KDAG was originally KRAZ, signing on in 1969 as the FM side to KRZE-AM, owned by E. Boyd Whitney -
and was the first FM station licensed to Farmington. KRAZ ("Crazy") was primarily a country music station for much of its existence..though it did do some rock and easy listening music in its early years. In the early 1980s, the stations went into receivership and were acquired in 1985 by Farmington resident Homer Pirkey - who had been in the sales end of the broadcasting business.
In 1991, with a new country competitor on the air and a rough local economy, the stations again fell into the hands of a court-appointed operator: Hobbs, NM radio station owner Bob Coker. Coker, a former ABC Contemporary Radio Network anchor brought in Rick James, (another former ABC Radio Network anchor!) to manage the stations.
After an evening playing every version of the Willie Nelson song "Crazy", James put KRAZ's country format out of its misery and adopted the moniker "Star 97" with a top 40 hits format. This didn't last long - 6 to 8 months - James was out - and Coker LMA'd the station to Durango's KIQX - who rebroadcast their programming on the 96.9 frequency. But with both KRAZ and KRZE's transmitters and other equipment in poor shape (KRAZ was reduced to operating on its 10 watt exciter) - and a lack of sufficent revenue to maintain operations - both stations left the air in the middle of 1992.
After nearly 18 months of legal proceedings, the off-air station was acquired early in 1994 by Jeff Thomas (who already owned KKFG and KCQL). Not long after Thomas acquired the station - and while it was still off the air - a
mysterious late-night fire occured at the station's transmitter site off Highway 371, south of Farmington. The fire mainly affected the building with the equipment suffering primarily smoke damage.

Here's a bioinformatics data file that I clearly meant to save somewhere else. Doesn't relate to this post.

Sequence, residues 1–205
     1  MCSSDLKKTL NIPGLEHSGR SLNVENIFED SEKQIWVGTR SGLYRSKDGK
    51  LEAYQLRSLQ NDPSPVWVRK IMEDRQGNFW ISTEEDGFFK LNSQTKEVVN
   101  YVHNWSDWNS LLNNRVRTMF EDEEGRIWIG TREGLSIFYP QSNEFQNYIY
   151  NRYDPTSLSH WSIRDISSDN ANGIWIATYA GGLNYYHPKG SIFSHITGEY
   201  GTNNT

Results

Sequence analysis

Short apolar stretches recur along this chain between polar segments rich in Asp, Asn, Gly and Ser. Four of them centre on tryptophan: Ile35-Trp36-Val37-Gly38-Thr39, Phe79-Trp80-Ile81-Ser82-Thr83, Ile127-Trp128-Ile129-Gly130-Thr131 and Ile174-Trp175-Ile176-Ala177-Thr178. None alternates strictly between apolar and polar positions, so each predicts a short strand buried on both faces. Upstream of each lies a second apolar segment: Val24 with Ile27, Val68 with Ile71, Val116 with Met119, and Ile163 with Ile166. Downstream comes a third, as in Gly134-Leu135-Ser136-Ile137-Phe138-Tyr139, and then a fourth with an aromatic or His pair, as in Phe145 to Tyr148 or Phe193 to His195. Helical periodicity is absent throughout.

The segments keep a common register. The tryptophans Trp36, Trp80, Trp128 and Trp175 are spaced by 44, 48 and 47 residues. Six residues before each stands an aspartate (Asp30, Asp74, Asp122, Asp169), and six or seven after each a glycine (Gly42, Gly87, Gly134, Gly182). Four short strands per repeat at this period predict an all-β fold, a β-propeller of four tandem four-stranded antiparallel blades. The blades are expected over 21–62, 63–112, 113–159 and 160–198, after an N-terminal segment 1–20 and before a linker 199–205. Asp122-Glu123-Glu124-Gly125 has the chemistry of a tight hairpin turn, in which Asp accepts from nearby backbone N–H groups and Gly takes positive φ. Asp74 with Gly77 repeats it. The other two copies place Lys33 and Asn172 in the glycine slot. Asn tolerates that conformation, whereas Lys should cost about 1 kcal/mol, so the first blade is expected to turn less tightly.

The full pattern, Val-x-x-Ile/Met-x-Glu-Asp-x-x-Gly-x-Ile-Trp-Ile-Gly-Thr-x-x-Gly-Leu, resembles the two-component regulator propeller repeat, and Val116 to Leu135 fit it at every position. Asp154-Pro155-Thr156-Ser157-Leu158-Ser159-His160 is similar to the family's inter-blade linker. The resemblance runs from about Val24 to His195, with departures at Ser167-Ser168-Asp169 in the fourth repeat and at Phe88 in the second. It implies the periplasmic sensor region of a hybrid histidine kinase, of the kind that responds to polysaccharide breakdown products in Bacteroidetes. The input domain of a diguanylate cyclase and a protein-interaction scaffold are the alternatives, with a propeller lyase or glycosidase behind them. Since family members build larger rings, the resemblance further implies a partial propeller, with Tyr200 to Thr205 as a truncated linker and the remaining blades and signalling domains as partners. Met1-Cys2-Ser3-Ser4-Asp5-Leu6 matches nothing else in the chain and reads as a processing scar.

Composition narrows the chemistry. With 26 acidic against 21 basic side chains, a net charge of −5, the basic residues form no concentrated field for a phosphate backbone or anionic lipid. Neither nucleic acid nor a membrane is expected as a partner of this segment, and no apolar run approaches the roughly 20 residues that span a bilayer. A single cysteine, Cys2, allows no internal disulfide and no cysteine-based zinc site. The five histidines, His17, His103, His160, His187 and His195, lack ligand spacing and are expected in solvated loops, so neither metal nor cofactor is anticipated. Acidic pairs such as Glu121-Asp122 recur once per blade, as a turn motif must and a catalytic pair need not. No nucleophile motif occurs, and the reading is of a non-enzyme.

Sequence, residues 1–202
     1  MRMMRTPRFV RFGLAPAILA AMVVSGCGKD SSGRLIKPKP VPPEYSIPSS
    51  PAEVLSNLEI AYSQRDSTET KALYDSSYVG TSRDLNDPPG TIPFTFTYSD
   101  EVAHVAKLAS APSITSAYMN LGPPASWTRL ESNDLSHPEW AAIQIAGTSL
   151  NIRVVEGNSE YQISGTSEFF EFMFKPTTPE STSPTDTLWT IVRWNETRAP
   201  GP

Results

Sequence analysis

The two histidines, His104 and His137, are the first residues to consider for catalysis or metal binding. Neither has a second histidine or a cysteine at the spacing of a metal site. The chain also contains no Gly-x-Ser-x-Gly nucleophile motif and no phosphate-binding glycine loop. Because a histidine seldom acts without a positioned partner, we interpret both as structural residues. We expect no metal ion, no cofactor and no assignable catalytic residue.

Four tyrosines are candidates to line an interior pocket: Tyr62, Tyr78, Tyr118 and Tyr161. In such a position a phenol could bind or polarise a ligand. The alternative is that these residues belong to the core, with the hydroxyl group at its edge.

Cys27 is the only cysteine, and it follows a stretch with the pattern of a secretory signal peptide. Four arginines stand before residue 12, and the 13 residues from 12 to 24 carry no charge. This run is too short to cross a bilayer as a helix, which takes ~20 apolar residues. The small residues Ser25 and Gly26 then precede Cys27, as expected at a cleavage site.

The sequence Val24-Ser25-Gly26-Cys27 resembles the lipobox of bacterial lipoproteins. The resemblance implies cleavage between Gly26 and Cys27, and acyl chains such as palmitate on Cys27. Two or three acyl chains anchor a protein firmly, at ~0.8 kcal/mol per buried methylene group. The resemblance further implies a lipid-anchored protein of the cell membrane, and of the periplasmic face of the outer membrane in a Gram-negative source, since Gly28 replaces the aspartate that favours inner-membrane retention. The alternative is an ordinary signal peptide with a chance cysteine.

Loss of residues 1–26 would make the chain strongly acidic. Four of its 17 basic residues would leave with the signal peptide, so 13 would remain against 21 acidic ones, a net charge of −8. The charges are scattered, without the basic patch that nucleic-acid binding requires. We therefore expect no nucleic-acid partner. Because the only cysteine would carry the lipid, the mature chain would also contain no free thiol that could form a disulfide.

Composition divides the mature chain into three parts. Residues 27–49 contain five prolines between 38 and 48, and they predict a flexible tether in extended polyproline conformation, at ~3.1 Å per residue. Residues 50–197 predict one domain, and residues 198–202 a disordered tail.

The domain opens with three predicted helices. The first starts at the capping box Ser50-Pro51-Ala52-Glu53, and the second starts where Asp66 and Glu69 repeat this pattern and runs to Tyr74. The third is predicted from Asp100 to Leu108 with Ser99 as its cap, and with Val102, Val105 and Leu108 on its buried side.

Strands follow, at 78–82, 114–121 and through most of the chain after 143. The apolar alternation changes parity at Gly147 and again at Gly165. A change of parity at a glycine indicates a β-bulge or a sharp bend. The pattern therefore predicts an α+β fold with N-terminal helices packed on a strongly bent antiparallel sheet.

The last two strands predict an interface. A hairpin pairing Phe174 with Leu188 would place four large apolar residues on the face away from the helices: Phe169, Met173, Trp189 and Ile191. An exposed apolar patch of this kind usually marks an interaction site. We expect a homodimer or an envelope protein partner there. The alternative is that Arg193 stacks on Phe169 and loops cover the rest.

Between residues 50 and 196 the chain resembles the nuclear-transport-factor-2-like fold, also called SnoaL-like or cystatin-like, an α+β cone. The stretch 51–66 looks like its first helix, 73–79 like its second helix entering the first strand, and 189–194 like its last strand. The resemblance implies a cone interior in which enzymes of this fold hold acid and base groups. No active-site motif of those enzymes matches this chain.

In February of 1994 on a plane flight back from Dallas, Texas - Thomas and Operations Director Dan Kelley together decided a classic rock format would be appropriate for the station. Crosstown KRWN had great success airing ABC's satellite classic rock format - and both felt KRWN was ripe for a head-on attack.
Jim Burt was brought in to rebuild KRAZ's malfunctioning and now smoke-damaged CSI 20kw FM transmitter, Marti STL-8 links and other equipment to return the station to the air.
Kelley brought in Jack Evans (PD) and Beau Bennett (MD) of Jacor's KRFX/Denver to consult and help with the start-up.
In April of 1994, while rebuilding was underway and the point was reached where the transmitter could be put on the air, KRAZ began airing Evans-supplied "goofy loops" - which included the audio of complete Three Stooges shorts and Richard Simmons workout videos. These played repeatly and generated some attention that something was up at 96.9.
In mid-April of 1994, just minutes after the final technical work was completed, the station officially launched as "Big Dog 96.9". Connie Calhoun ("Connie C.") (who once worked at the old KRAZ) was the first air personality heard on the station. A call letter change to KDAG happened within a few weeks after sign-on. Then sales-manager Bob Beckley came up with the "Big Dog" slogan.
When the spring 1994 Arbitrons were released, KDAG and KRWN were within one rating point of each other. In spring of 1995, KDAG was the clear leader and KRWN abandoned the format.
In 1997, Thomas sold KDAG and its sister stations to Gulfstar Communications of Austin, Texas - which later merged with Capstar Communications. Through another merger, Capstar became AMFM which was then bought up by its current owner, Clear Channel Communications.